Scientific article

Response of benthic macroinvertebrates to gradients in hydrological connectivity: a comparison of temperate, subtropical, Mediterranean and semiarid river floodplains

Published inFreshwater biology, vol. 59, no. 3, p. 630-648
Publication date2014

1. Despite a general recognition that benthic macroinvertebrates respond to changes in hydrological connectivity within floodplain ecosystems, no consensus about patterns in community structure and ecosystem processes across large scales and different climates has yet been established. Such knowledge is necessary since anthropogenic activities continue to alter the natural hydrogeomorphology of large floodplains, with most consequences for aquatic communities remaining unknown. 2. Using information from six large rivers located in four different climate regions (humid subtropical, maritime temperate, Mediterranean and dry semi-arid), we compared benthic macroinvertebrate responses along lateral gradients of hydrological connectivity. We tested hypotheses related to differences among climate regions and to similar hydrological constraints within any one climate. The large geographical scale covered by this study provides the first comprehensive comparison of aquatic community patterns across hydrological gradients under different climatic settings. 3. Multivariate ordinations demonstrated a higher overlap of trait community composition (50% variance explained by the first two axes) than taxonomic composition (15%) among floodplains, displaying high interclimate trait stability. The taxonomy-based ordination separated the subtropical floodplain, with an average 86% of non-insect taxa, from the insect-dominated temperate, Mediterranean and semi-arid floodplains (with >50% insect abundance). In the trait-based ordination, large body size (60% of organisms >4 cm) and long lifespan duration (80% of organisms) discriminated the subtropical from the other five studied floodplains. 4. Across a gradient of lateral connectivity, linear mixed effect (LME) models supported seven of 15 hypotheses, which suggests remarkably consistent macroinvertebrate patterns in floodplains regardless of the climate regime. Taxon and trait richness were positively related and peaked at sites of intermediate hydrological connectivity. Our predictions about the feeding guilds of macroinvertebrates (e.g. that shredders and scrapers would be more abundant in connected channels, and predators and deposit feeders at isolated sites) were more strongly supported by the data than those about life history (e.g. plurivoltinism and short lifespan would be better represented in connected channels). This difference was related to the influence of extended periods of hydrological disconnection as disturbance in addition to flooding. 5. Trait stability across hydrological connectivity provides a meaningful ecological context for the comparison of the macroinvertebrate benthos among climatic zones, where taxonomic composition differs strongly. In addition, trait similarities and dissimilarities found in this study suggest that large-scale biogeographical filters do operate on communities, resulting in different trait combinations in temperate and Mediterranean floodplains when compared to semi-arid and subtropical environments. The extent to which global macroecological factors (i.e. climate, dispersal history) and local biotic and abiotic factors (i.e. drought frequency, habitat structure, water chemistry) contribute to this difference requires further investigation.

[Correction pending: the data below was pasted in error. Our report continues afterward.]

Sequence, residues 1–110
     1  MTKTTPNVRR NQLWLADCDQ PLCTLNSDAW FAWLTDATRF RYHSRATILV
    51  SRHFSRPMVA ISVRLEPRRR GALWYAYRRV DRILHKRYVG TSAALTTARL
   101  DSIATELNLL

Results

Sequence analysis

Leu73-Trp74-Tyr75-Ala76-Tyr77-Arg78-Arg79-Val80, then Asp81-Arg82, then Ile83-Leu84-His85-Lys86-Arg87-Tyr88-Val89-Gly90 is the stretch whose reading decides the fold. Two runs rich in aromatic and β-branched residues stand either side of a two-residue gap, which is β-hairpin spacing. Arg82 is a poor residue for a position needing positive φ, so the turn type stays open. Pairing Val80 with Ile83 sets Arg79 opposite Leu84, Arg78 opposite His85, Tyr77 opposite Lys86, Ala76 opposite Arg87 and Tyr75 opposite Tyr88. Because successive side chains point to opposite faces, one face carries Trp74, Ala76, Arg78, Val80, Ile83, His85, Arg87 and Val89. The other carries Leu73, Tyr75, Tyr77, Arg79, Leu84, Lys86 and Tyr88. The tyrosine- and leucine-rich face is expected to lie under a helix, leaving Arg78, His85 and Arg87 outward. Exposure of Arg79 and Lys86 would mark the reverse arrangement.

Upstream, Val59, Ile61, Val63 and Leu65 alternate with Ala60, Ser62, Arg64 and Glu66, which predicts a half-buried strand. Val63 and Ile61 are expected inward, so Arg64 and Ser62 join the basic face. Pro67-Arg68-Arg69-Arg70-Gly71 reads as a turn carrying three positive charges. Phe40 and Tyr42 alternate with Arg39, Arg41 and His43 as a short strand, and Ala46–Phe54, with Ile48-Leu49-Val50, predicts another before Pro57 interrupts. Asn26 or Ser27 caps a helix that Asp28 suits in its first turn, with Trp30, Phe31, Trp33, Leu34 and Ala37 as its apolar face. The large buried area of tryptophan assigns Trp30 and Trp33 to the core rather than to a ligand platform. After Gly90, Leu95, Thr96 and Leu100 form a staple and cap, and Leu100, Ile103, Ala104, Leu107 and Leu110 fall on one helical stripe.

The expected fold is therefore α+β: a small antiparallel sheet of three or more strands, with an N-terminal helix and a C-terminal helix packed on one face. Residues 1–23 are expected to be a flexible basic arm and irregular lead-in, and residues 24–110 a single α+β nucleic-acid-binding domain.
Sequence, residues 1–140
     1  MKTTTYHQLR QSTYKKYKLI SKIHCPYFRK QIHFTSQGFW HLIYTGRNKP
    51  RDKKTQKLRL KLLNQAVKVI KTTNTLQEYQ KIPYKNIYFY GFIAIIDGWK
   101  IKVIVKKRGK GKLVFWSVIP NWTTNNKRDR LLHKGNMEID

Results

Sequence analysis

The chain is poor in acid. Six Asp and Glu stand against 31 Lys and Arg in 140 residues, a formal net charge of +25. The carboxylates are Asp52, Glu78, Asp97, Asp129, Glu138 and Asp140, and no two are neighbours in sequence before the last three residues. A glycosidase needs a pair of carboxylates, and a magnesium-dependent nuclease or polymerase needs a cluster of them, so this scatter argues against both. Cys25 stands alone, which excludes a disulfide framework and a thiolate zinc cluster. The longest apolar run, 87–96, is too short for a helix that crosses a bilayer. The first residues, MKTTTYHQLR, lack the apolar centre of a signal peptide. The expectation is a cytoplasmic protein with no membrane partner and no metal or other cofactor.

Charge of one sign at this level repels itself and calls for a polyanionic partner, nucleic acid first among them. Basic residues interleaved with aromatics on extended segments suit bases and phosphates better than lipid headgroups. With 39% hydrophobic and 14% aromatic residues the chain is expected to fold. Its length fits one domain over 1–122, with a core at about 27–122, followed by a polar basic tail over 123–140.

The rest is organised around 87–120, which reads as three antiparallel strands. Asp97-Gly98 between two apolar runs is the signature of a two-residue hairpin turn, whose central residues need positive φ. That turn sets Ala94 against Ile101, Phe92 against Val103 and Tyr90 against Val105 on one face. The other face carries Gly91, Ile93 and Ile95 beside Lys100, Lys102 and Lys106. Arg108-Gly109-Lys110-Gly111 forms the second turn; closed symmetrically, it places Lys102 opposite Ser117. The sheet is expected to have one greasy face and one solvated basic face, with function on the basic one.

• Feeding habits
  • Isolation
  • Intermediate disturbance hypothesis
  • Life history
  • River Habitat Templet
Citation (ISO format)
GALLARDO, Belinda et al. Response of benthic macroinvertebrates to gradients in hydrological connectivity: a comparison of temperate, subtropical, Mediterranean and semiarid river floodplains. In: Freshwater biology, 2014, vol. 59, n° 3, p. 630–648. doi: 10.1111/fwb.12292
Main files (1)
Article (Published version)
ISSN of the journal0046-5070

Technical informations

Creation05/29/2015 4:56:00 PM
First validation05/29/2015 4:56:00 PM
Update time03/14/2023 11:20:10 PM
Status update03/14/2023 11:20:10 PM
Last indexation01/16/2024 6:07:45 PM
All rights reserved by Archive ouverte UNIGE and the University of GenevaunigeBlack